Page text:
You might use the graphic once in a presentation, proposal, marketing piece, and then it is saved somewhere on the server or your desktop or a designer's hard drive. A year later, you want to communicate the same process or concept in a new presentation, but you can't find the original source files. You have to start from scratch.
I've seen this happen many times on so many different projects that companies end up spending thousands of dollars creating graphics they had already designed once. It saves time and money to have a designer work from a preexisting graphic file than begin with a blank page. Here are a few tips to reuse and recycle your valuable graphic assets:
- Create a folder on your server labeled "Graphics" (or whatever is relevant for you) and only give permissions to necessary personnel. You don't want everyone to have access to your graphics, because this leaves room for file deletion, corruption, or even misuse of the graphics.
- Within this folder, create an archive of the most used graphics in your organization. Label the folders so the graphics are easy to find, especially if you're under a deadline. You can label the folders with the project name in which the graphic was used (ABC Proposal, XYZ Presentation, etc.) or label it by graphic type (Process Graphics, Organizational Graphics, Network Diagrams, etc.).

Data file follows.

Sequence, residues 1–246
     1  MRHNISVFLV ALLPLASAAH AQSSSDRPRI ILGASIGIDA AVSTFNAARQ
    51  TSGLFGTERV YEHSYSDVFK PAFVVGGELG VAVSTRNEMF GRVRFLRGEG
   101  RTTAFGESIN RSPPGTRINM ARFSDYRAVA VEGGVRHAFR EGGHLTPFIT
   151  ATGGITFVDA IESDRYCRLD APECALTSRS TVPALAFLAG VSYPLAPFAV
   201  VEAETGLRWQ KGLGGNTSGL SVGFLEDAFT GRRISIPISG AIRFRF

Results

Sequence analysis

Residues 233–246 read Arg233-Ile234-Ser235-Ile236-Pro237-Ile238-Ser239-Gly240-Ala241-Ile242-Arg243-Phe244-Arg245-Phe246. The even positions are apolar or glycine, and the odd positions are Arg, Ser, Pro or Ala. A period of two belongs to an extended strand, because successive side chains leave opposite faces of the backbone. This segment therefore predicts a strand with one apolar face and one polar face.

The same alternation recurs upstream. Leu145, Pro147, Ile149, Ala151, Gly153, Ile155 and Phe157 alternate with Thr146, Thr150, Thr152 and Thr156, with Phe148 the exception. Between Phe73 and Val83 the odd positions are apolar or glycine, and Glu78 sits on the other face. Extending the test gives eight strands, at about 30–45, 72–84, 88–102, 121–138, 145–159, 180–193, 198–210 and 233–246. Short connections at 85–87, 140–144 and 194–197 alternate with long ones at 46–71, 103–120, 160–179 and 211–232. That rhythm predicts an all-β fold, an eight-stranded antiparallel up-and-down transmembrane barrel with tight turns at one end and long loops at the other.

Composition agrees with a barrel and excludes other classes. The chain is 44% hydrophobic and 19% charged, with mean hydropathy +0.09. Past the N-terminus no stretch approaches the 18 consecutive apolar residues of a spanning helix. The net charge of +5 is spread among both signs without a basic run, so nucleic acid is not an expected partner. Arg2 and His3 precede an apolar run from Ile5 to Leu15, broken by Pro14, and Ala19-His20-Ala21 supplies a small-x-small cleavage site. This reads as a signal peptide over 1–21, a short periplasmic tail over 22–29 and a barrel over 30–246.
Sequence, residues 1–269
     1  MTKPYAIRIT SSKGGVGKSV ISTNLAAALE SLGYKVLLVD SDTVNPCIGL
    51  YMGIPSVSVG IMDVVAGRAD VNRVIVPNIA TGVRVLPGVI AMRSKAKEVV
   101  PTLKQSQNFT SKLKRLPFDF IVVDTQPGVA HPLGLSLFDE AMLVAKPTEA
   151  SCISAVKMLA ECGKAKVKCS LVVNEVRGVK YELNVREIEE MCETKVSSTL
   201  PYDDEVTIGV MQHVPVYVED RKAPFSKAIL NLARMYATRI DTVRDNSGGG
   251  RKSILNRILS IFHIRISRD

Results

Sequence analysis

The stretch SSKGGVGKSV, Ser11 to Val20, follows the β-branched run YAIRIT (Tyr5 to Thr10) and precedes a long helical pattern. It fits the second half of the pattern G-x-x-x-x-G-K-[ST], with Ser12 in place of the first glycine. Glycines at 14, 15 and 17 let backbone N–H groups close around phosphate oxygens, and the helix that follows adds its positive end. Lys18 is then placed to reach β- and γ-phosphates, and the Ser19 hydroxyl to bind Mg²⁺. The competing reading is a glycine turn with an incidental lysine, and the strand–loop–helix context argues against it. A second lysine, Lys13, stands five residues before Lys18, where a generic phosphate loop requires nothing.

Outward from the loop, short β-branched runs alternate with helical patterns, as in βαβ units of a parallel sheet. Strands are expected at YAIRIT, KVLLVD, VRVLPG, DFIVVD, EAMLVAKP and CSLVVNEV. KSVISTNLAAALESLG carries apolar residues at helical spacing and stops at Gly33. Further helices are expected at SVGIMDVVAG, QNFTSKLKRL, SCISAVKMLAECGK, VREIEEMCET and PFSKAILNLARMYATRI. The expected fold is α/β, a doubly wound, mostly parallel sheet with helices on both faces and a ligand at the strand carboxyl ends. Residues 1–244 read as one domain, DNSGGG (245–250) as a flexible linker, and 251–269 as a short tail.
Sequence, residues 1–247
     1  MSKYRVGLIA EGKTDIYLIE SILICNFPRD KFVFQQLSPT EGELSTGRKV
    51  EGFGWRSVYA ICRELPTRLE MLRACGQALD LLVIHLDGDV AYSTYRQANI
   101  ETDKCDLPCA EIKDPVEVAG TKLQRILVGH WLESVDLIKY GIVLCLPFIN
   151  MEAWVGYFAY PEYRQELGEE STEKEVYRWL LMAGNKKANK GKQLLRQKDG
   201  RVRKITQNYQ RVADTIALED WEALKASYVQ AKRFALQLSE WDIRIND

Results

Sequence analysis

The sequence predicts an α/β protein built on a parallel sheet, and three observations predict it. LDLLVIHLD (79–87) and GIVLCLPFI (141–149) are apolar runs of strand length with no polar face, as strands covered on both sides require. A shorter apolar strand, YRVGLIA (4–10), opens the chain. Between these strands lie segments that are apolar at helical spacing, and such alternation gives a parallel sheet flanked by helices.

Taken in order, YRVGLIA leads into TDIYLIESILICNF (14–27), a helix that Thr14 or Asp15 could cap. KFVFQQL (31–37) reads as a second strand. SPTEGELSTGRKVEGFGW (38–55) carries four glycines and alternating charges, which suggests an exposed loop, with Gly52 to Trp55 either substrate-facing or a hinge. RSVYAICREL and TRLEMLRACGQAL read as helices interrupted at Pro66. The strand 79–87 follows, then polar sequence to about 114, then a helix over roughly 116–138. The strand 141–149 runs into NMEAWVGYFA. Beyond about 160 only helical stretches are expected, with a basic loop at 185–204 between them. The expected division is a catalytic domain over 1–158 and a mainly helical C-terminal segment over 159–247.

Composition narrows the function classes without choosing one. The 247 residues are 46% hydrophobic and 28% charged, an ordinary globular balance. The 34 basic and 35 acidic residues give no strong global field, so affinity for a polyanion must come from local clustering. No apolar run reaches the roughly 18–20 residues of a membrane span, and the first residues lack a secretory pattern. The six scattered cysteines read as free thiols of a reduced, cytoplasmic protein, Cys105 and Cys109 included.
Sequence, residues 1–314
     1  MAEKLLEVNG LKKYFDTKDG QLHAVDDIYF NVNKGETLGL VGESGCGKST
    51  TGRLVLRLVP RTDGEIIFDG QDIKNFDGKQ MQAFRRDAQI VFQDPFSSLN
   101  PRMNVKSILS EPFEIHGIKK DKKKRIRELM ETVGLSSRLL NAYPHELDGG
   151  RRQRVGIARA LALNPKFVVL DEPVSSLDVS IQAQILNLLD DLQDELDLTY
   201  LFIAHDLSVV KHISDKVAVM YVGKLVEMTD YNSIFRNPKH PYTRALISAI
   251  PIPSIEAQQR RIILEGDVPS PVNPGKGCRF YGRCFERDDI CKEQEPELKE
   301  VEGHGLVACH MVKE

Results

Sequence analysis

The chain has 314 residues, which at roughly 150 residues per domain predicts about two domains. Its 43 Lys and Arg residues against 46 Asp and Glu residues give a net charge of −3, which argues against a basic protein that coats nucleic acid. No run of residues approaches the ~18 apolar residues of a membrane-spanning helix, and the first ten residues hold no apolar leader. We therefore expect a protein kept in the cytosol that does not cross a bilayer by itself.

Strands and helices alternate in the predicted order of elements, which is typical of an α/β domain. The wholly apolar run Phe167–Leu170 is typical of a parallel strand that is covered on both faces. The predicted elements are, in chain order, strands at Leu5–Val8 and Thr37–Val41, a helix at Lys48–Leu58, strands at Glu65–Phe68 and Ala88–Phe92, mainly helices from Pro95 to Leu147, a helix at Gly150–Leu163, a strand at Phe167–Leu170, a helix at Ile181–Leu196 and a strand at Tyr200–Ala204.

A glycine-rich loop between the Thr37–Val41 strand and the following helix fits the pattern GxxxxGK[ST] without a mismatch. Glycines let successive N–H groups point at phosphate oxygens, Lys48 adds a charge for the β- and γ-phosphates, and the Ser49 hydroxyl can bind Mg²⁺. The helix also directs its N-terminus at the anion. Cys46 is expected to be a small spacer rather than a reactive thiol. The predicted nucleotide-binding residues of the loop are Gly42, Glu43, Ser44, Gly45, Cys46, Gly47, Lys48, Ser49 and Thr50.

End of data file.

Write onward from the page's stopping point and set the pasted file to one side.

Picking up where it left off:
- Organize this folder with subfolders of High-res Company Logos, Partner Logos, Corporate Photos (e.g., head shots of executives or photographs of company offices), Word Templates, Newsletter Templates, and Stock Images. I would even break out the Stock Image folder into subsets of Generic Business People, Desktop Computers, Computer Components, Office Workers, and any other images that your company uses for its communication pieces.
- Consider icons you use to represent databases, process flows, routers, switches, firewalls, laptops, customer service, etc. If you have a central folder where you can access the most frequently used icons, then you will maintain consistency throughout your marketing materials, web pages, proposals, and presentations.
- Create a style guide, which details your company's colors, proper logo usage, font usage, and use of images in marketing pieces and on the web. You can even include samples of the proper icons that represent certain concepts or items used in corporate communications. A style guide will help keep your company's image clean, professional, and consistent. Keep this style guide within your graphics folder for your team to easily reference.